Data Ethics Regulators
Historically, the bulk of research ethics practices and regulations have been mediated through university-based IRBs. However, much pervasive computing research falls outside of formal university-based ethics infrastructures. This series of sub-projects assesses and compares how ethics regulators respond to this disjunction.
IRBs and Pervasive Data
Lead: Jessica Vitak with Katie Shilton & Jacob Metcalf
This subproject investigates the attitudes and practices of the professional staff of institutional review boards (IRBs)—the organizations that review and monitor human subjects research at U.S. universities—to understand their assessment of pervasive data research. Commissioned to ensure that individuals participating in research are protected from harm, IRBs have struggled to define where and when social computing research methods fall under their jurisdiction. At the same time, researchers must be aware of what IRBs are doing—and what can be done better—as part of the larger effort to ensure individuals represented in the data are properly protected.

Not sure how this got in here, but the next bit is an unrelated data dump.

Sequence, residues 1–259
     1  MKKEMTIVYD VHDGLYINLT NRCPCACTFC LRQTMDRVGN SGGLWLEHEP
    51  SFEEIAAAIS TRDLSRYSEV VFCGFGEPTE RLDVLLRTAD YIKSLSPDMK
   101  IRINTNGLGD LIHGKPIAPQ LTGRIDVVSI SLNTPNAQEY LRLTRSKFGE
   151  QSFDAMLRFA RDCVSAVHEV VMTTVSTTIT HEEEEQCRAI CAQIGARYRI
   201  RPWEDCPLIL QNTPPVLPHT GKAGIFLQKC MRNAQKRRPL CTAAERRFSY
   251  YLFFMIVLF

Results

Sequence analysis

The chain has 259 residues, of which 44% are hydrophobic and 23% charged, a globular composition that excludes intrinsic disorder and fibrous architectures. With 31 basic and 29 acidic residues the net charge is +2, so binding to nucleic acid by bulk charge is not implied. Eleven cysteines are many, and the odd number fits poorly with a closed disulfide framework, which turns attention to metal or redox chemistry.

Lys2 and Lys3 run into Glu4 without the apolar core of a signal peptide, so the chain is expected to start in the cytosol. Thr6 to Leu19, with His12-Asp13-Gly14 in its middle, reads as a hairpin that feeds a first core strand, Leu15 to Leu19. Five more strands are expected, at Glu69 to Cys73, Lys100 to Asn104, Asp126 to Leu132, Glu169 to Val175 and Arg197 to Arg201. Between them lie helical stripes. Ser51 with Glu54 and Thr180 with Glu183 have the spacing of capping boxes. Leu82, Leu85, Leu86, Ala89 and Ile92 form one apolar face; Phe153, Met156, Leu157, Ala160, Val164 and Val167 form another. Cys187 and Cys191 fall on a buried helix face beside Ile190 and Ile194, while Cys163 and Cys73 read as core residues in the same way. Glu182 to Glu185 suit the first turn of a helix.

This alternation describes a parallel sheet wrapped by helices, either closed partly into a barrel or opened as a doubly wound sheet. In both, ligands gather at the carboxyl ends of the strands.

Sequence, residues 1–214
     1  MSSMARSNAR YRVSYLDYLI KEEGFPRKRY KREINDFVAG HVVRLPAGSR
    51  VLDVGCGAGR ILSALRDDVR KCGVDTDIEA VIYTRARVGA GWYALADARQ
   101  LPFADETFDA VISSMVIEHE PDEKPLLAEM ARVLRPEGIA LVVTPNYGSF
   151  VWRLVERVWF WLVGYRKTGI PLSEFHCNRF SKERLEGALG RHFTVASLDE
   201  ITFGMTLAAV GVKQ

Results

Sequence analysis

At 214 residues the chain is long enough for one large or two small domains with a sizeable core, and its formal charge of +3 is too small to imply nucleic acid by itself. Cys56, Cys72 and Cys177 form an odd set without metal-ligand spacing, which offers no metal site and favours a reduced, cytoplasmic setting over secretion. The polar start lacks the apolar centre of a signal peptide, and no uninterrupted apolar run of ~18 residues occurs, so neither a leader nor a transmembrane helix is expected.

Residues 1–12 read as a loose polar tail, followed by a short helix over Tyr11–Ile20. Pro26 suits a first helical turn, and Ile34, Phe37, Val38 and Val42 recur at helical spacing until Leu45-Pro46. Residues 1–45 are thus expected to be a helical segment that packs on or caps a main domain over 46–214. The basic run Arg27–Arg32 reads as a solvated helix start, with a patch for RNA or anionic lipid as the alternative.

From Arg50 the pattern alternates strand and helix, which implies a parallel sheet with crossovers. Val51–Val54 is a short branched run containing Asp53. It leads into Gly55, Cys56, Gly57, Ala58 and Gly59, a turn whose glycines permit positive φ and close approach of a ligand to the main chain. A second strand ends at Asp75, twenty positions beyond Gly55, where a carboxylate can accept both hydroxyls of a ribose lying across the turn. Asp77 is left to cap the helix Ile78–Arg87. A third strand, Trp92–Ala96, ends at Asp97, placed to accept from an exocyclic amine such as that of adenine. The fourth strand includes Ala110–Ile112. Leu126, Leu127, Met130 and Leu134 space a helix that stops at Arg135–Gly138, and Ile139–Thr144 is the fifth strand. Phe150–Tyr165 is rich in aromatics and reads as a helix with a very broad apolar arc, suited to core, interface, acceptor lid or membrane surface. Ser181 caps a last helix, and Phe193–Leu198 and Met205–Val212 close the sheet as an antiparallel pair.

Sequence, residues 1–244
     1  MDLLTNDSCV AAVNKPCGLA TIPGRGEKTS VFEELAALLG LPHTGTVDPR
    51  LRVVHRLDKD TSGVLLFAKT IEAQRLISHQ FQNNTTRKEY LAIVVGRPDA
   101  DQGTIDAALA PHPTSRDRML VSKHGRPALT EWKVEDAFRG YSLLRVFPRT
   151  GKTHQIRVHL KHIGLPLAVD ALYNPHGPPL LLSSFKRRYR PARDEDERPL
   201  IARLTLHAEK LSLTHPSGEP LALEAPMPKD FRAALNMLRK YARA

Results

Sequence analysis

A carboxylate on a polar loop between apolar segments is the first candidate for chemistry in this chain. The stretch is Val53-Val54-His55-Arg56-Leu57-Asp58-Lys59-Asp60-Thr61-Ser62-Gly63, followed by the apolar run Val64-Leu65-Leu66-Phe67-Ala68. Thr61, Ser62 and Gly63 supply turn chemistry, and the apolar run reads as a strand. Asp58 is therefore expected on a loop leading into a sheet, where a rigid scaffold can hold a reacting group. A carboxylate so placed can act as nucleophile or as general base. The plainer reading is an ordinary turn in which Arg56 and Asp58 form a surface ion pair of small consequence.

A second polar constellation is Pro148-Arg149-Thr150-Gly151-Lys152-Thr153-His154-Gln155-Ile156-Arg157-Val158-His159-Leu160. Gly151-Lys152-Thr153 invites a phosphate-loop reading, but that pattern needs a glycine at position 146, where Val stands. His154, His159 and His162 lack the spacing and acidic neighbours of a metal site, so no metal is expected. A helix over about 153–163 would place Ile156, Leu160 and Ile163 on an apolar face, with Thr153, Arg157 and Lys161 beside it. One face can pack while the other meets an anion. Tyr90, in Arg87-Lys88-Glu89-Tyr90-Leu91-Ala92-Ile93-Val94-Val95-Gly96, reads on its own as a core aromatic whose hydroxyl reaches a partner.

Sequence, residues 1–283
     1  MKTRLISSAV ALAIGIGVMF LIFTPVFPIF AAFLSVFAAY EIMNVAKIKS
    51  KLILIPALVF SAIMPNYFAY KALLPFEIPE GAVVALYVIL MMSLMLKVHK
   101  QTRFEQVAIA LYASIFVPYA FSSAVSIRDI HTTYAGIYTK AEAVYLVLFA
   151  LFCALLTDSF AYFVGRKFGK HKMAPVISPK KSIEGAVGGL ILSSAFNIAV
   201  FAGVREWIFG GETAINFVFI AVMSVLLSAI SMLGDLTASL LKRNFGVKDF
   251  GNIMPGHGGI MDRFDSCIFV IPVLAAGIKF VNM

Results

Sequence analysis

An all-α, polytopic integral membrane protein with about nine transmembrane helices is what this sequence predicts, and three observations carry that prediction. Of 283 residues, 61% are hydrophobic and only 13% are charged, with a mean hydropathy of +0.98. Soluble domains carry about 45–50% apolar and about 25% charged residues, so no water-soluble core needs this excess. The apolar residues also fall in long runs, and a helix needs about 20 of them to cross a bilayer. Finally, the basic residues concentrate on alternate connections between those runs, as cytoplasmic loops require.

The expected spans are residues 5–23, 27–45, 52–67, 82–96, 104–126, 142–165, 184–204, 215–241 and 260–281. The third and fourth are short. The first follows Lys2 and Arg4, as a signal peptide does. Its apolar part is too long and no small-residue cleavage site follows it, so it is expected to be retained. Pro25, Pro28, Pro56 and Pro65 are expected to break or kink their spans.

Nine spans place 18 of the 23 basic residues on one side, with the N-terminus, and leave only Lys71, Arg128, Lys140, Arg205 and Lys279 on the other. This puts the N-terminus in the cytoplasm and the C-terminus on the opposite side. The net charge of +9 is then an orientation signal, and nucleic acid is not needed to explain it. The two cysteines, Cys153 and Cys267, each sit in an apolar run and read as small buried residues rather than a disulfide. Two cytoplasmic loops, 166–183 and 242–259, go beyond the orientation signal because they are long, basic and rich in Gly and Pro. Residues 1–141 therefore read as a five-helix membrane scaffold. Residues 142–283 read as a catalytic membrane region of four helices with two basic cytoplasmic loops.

We use interviews, focus groups, and surveys to ask: 1) How confident are IRBs of their ability to regulate research involving pervasive data? 2) How are IRBs adjusting their work to accommodate studies involving pervasive data? 3) What gaps and needs do IRB staff anticipate to effectively regulate pervasive data research? Building on the empirical data about the needs of IRBs, alongside empirical data about the actual risks of inferences drawn from publicly-available datasets, we will build a web-based decision tool to help researchers, regulators, and policymakers predict and ameliorate the risks associated with pervasive research datasets.
Data Ethics in Corporate Environments
Lead: Jacob Metcalf with Katie Shilton
Pervasive data companies such as Microsoft, Facebook, and Fitbit are beginning to document their internal efforts to provide IRB-like review processes. Others such as Google Deep Mind, Planet Labs, and Palantir have favored external committees for ethics advice. Major consulting firms such as Accenture and Avanade have also indicated their interest in offering data ethics as a service. This project engages in a discourse analysis of corporate internal ethics review processes, soliciting internal documents as available from our advisory board members, public-facing documents shared by these companies, and interviews with corporate ethics actors.
By analyzing discourse in each, it will answer questions such as: 1) In what ways have corporations adopted the values and interpretations of the Belmont Report and the Common Rule? 2) In what ways are corporations innovating on traditional review processes that may be informative for university-based IRBs?